May 2018

IN BRIEF

The Red Shoes
Ballet by Matthew Bourne
New York City Center
October 27, 2017

Don't Mess with a Classic

The Red Shoes Ballet and Film

by Michelle Marder Kamhi & Louis Torres

Moira Shearer - The Red Shoes

Moira Shearer and Léonide Massine, The Red Shoes film.

For us, as for countless moviegoers, the classic 1948 film The Red Shoes--based on the Hans Christian Andersen fairy tale--is an incomparable re-working of Andersen's dark tale, in the context of a mid-twentieth-century ballet company. Happily for new generations of film buffs and balletomanes it was restored in 2009 (DVD/video) to the full brilliance of its original cinematography. Recalling the effect this exquisite film had had on us when we first saw it years ago, we found it had lost none of its luster when we viewed it again in its restored form.

We were therefore more than a little curious to see what the acclaimed British choreographer Matthew Bourne had done in adapting this classic for the stage. His ballet by the same name premiered in London in December 2016. We saw it at New York's City Center this fall, and regret to say we were not enchanted.

In our view, there were three principal shortcomings. Most important, in the absence of dialogue, the triangle between the demonic impresario Boris Lermontov (a character partly inspired by Sergei Diaghilev of the famed Ballets Russes), the young ballerina Victoria Page, and Julian Craster, the talented composer she falls in love with and marries, lacks the dramatic coherence and intensity of the film. Second, a large part of the film's impact depends on its seamless integration of the gorgeously phantasmagoric balletic re-telling of Andersen's tale with the real-life personalities and struggles of a modern ballet company. Bourne's ballet version succeeds in conveying some of the real-life elements, but it never quite achieves the other-worldly fairy-tale aura of the film.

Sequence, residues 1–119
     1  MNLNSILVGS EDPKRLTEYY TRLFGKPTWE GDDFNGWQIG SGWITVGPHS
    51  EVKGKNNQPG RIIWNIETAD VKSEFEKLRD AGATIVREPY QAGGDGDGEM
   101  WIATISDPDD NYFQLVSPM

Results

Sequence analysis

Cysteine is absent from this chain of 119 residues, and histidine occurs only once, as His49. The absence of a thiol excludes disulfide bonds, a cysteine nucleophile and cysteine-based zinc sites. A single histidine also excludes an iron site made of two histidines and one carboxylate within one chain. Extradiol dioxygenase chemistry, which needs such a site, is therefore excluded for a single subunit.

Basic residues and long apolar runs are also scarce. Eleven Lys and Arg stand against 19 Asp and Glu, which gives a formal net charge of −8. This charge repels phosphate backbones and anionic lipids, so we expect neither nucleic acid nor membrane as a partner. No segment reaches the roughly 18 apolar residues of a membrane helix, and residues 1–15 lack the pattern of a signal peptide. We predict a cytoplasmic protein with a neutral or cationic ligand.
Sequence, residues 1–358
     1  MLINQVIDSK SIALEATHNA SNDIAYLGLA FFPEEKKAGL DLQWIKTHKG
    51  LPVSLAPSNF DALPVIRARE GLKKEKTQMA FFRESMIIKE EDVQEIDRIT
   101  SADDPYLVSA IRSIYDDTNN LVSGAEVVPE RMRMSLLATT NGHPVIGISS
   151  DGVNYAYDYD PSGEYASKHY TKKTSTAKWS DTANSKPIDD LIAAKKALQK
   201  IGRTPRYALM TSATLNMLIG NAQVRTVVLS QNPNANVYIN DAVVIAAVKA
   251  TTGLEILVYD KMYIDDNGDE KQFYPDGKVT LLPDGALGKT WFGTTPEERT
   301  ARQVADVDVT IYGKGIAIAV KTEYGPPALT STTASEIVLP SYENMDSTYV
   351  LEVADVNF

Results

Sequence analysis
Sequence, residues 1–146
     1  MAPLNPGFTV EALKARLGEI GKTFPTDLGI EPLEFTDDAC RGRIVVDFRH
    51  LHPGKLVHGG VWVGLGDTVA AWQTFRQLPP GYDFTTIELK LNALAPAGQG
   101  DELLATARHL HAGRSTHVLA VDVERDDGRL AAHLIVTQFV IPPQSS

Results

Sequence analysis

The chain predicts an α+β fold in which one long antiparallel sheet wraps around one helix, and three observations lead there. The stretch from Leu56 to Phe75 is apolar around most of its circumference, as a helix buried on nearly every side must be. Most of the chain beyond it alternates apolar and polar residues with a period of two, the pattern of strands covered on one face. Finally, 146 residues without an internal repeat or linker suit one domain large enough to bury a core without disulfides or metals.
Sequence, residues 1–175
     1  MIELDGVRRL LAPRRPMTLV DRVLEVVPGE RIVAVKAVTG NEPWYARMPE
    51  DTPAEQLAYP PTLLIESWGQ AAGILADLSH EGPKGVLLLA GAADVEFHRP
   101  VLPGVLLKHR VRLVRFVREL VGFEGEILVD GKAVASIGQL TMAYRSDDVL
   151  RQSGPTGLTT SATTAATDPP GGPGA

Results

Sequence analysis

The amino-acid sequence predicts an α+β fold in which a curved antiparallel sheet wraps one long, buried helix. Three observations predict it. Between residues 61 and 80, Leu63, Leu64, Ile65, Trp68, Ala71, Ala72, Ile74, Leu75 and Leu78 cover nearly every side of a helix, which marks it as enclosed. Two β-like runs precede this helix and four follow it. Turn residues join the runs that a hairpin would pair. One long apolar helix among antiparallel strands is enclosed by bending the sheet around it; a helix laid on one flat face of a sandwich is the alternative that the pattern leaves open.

Finally, as the late critic Roger Ebert observed, "Casting is everything when the characters must move between realism and fantasy, and The Red Shoes might have failed without Moira Shearer [as Victoria Page] and Anton Walbrook [as Lermontov]" (also marvelous, we would add, were dancers Robert Helpmann and Léonide Massine). An incandescent, naturally red-haired beauty, Shearer projected an ethereal quality in her fantastic incarnation and a poignant fragility in her role as the film's vulnerable heroine. By comparison, Sara Mearns--a superb New York City Ballet star whom we've admired elsewhere (scroll down)--seemed to us too solid and earthbound in the role.

A revealing footnote to the classic film is that Page's character was inspired by the British ballerina Diana Gould [about]--who had given up her career as a dancer in 1947, following her marriage to the great violinist Yehudi Menuhin. Despite a very long and happy marriage, Gould later admitted that at times she felt "an agonising nostalgia" for her life in ballet. In Michael Powell and Emeric Pressburger's film, the agony felt by Vicky Page at being forced to choose between that creative life and the man she loved is what drives her to her death.